Disparate discipline of bipolar clerk suggests bias, but not retaliation
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Wednesday, March 23, 2016

Disparate discipline of bipolar clerk suggests bias, but not retaliation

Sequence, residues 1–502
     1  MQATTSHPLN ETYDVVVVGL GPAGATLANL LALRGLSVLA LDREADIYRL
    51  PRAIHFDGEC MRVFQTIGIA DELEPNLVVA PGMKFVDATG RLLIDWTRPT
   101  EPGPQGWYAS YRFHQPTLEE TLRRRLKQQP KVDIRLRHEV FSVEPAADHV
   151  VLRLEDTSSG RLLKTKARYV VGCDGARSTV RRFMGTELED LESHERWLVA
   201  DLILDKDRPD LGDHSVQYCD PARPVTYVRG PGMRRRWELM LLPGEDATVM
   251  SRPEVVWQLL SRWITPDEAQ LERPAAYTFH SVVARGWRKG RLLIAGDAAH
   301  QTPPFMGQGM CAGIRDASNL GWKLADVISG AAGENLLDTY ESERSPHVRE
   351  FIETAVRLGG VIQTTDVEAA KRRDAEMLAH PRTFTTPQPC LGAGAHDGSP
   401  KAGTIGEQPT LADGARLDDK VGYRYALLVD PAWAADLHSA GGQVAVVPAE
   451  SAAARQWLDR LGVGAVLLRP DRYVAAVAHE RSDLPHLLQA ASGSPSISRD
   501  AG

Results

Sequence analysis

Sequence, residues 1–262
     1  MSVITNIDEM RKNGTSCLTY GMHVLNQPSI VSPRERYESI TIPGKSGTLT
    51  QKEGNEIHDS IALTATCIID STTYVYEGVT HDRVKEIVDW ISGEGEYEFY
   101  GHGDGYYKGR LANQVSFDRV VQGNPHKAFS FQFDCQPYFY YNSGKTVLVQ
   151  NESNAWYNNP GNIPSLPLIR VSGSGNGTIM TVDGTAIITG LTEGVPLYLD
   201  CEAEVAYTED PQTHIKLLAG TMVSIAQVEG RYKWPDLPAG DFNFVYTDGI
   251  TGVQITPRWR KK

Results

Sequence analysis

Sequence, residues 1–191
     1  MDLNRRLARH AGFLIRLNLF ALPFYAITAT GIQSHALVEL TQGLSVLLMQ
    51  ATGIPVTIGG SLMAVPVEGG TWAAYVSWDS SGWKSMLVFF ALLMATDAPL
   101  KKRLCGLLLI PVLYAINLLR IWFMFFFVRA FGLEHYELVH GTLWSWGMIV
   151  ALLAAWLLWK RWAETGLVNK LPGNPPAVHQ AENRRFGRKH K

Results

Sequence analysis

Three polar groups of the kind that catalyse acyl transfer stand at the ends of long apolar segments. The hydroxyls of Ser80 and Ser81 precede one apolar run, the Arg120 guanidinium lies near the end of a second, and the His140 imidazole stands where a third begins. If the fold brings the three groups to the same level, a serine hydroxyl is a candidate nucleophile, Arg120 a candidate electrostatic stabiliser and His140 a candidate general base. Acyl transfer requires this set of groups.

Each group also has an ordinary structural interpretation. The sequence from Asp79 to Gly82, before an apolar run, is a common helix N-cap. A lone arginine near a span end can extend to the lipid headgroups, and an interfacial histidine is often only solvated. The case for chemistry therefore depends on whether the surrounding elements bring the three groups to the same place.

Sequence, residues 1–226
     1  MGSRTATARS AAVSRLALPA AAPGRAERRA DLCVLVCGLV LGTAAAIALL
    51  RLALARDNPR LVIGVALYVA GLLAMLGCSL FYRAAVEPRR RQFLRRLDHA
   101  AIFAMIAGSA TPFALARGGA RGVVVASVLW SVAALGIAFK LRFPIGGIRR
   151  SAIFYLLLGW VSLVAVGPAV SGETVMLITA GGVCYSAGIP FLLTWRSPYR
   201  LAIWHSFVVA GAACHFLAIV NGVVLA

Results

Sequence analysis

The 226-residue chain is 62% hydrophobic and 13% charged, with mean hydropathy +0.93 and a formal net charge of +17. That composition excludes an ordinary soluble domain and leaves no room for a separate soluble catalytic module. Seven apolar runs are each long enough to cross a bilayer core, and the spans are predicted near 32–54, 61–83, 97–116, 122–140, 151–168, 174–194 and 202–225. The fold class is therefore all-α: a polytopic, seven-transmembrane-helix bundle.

By Lorene D. Park, J.D. Though an employee and a coworker both behaved unprofessionally in an office altercation, only the bipolar employee was fired. Based on this, as well as inconsistencies in the proffered reason for her discharge, a federal district court in Indiana denied summary judgment on her discrimination claims under the ADA and Rehab Act. However, her retaliation claims failed for lack of any protected activity (Scheidler v. State of Indiana, March 17, 2016, Lawrence. W.). The a clerical assistant had received promotions and her performance evaluations were generally positive. In 2009, she was diagnosed with depression, bipolar disorder, and post-traumatic stress disorder (PTSD). She took FMLA leave due to a “complete breakdown” and, when she returned, asked her supervisor to let her know if she began behaving differently so she could address it with her doctor. Though she disclosed her diagnosis to her supervisor, she told others that she was “skittish” and asked that they not startle her or raise their voices. Altercation with coworker. In 2010, the employer let her modify her schedule so she could start carpooling with a coworker, who also oversaw some of her work, as well as with the coworker’s sister-in-law. Things appeared to have gone smoothly for a time but, in May 2013, the employee and her coworker got into an altercation over workload redistribution after another employee transferred out of the department. The coworker allegedly told the employee she was asking “bitch questions” and then later told her sister-in-law: “I will not be surprised if I don’t string her up by the end of the week.” The employee overheard and confronted the coworker, who then said “I could just strangle you” and made a strangling gesture. The coworker then suggested the employee find another job and “get out of here” and mentioned that the employee had many days crying on the way to work and had to take Xanax. Employee fired. The employee emailed the supervisor, who reported the incident to HR, which investigated. Ultimately, the employee was fired and the coworker was issued a written reprimand. The employer based the disparate discipline on the fact that the employee had also made a prior inappropriate comment in the elevator to the coworker’s sister-in-law. Specifically, she was complaining about favoritism and said “[i]t’s not what you know, it’s who you blow.” Disability discrimination. Seeking summary judgment on the employee’s discrimination claim under the ADA and the Rehab Act, the employer first argued that she did not show her condition substantially limited a major life activity. The court disagreed. Federal regulations implementing the ADAAA provide that “major depressive disorder, bipolar disorder, post-traumatic stress disorder . . . substantially limit brain function.” Thus, there was no need for the court to go any further in its analysis and concluded the employee had a disability covered by the ADA. As for whether the employee was meeting the employer’s legitimate expectations, the court agreed that an employer would be justified in firing an employee who engaged in the behavior to which the employee here admitted. However, that did not end the analysis because there was a similarly situated coworker who also behaved unprofessionally in the same altercation but was not fired. Though the employer argued that the added elevator comment by the employee showed the two did not engage in identical comments, the court explained that the elevator statement was similar enough to the other conduct to make a prima facie case. Pretext. There were also triable issues on whether the proffered reason for the employee’s termination was pretextual. In addition to the disparate levels of discipline meted out for similar misconduct, the employee raised concerns about how her prior elevator statement came to the employer’s attention. It was the coworker who reported it during the employer’s investigation of the altercation. Also, while the employer claimed it had previously fired a non-disabled individual for a single instance of using the n-word at work, the employee pointed to evidence that the other individual was fired for more than just that, and had a history of discipline and performance problems. For these reasons, summary judgment was denied on the disability discrimination claims. (Her failure-to-accommodate claim could not proceed because it was duplicative of her discriminatory termination claim and she did not differentiate the two.) No protected activity to support retaliation claims. Summary judgment was granted on the employee’s claims that she was fired for opposing discrimination. Contrary to her assertion, her elevator comment “It’s not what you know, it’s who you blow” was not protected activity, found the court. Specifically, she could not show she had a sincere, good-faith belief she was opposing an unlawful practice and her comment did not involve sex discrimination prohibited by Title VII. The court explained that the mere fact that a comment can be interpreted to involve sexual acts does not make it a complaint of sex discrimination or harassment. Nor did the employee show that she made a protected complaint of disability discrimination under the ADA or Rehab Act. Vaguely asserting that she “complained about discrimination in May of 2013” was simply not enough. Though she told HR she suffered from bipolar disorder and PTSD, she did so to explain her reactions to the coworker during their altercation, she was not complaining to HR that she was experiencing discrimination because of her disability.

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